3. Engage customers. Getting the consumer involved is a productive way to create buzz around the rebrand. One way ABC Family has done this is through a user-generated campaign (UGC) in which fans can create content to be posted on the channel’s website. This effectively generates hype around the launch just in time for the January television premieres. Social media can also be used to cultivate engagement with fans. ABC Family already has an impressive social media presence around hit show Pretty Little Liars, which is cable's second most tweeted-about series, but the channel will need to continue encouraging active participation throughout the rebrand.

4. Don’t let the name change stand alone. The name change itself should only be part of a rebrand, and it should be accompanied by an internal strategic shift. The branding must deliver on its promises, or the rebrand will fail to bring about any brand lift. A rebrand can’t be a "superficial facelift," but a sustainable strategic change that allows for the brand to flourish. 

Only time will tell if Freeform can create new content that attracts Becomers and evokes viewers’ "spirit and adventure," while also leveraging existing brand equity to maintain its current core audience.  

Julia Walker is an Associate Researcher who is very excited to continue watching Harry Potter marathons on the new Freeform network. 

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Topics: television, brand health and positioning, customer experience and loyalty, digital media and entertainment research

Brands Get in a Frenzy Over Shark Week

Posted by Athena Rodriguez

Wed, Aug 19, 2015

Summer brings many joys—BBQ’s, the beach, and one of my favorite holidays. . .I’m referring, of course, to Shark Week. For over 25 years, the Discovery Channel has loaded as much shark-related content as possible into a 7-day period, including TV programming, online content, and social media frenzies by both the network and other “official” (and non-official) partners.While some of these partnerships are no-brainers (e.g., Oceana, National Aquarium, and Sea Save Foundation), other less obvious partners such as Dunkin Donuts, Cold Stone Creamery, and Southwest Airlines, must get creative with their marketing to connect their brands to “the most wonderful week of the year.” Southwest, for example, offered flyers the chance to watch new content via a special Shark Week channel and to enter a sweepstakes for a chance to swim with sharks. Both Cold Stone Creamery and Dunkin Donuts debuted special treats (“Shark Week Frenzy”—blue ice cream with gummy sharks—and a lifesaver donut, respectively).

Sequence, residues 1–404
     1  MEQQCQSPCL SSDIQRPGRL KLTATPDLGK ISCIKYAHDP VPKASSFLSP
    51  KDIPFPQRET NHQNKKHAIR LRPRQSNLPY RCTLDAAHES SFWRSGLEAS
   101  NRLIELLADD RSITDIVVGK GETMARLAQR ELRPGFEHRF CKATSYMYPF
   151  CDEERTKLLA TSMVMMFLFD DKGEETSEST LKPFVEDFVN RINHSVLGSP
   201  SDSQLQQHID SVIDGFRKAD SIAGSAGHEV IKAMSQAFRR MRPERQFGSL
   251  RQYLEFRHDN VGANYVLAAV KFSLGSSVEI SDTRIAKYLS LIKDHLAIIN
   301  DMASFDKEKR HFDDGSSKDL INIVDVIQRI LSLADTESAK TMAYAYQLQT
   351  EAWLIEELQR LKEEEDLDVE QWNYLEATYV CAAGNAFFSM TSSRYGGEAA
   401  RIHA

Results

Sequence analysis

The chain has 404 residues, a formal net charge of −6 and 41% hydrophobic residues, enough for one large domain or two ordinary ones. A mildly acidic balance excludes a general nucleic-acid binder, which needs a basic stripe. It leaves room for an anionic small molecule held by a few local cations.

brand engagement, shark week, television

But it didn’t stop there—brands on social media found ways to tie in products to Shark Week in every way possible. Just take a look at these posts from Claire’s, Salesforce, and Red Bull.

shark week, brand engagement, television

So, what’s in it for these brands? Why go out of their way to connect themselves to something like Shark Week, which is seemingly unrelated to their services and products? It’s as simple as the concept of brand associations. Since brand associations work to form deeper bonds with customers, brands are often on the lookout for opportunities that will boost their standing with customers. Shark Week attracts millions of viewers each night, and since it’s one of the few true television events that remains, it presents the perfect opportunity for brands to engage with customers in a way they don’t often get to do. Furthermore, it demonstrates that these brands are in tune with what their customers like and what’s happening in the pop culture world. And, judging by the amount of interactions brands received from consumers, I’d say it worked.

If you missed the fun of Shark Week last month (the horror!) or just want more, don’t worry—Shweekend is just around the corner (August 29th), and I’ll be anticipating what brands can come up with this time. . .

Athena Rodriguez is a Project Consultant at CMB, and she is a certified fin fanatic. 

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Topics: advertising, marketing strategy, social media, television, brand health and positioning, digital media and entertainment research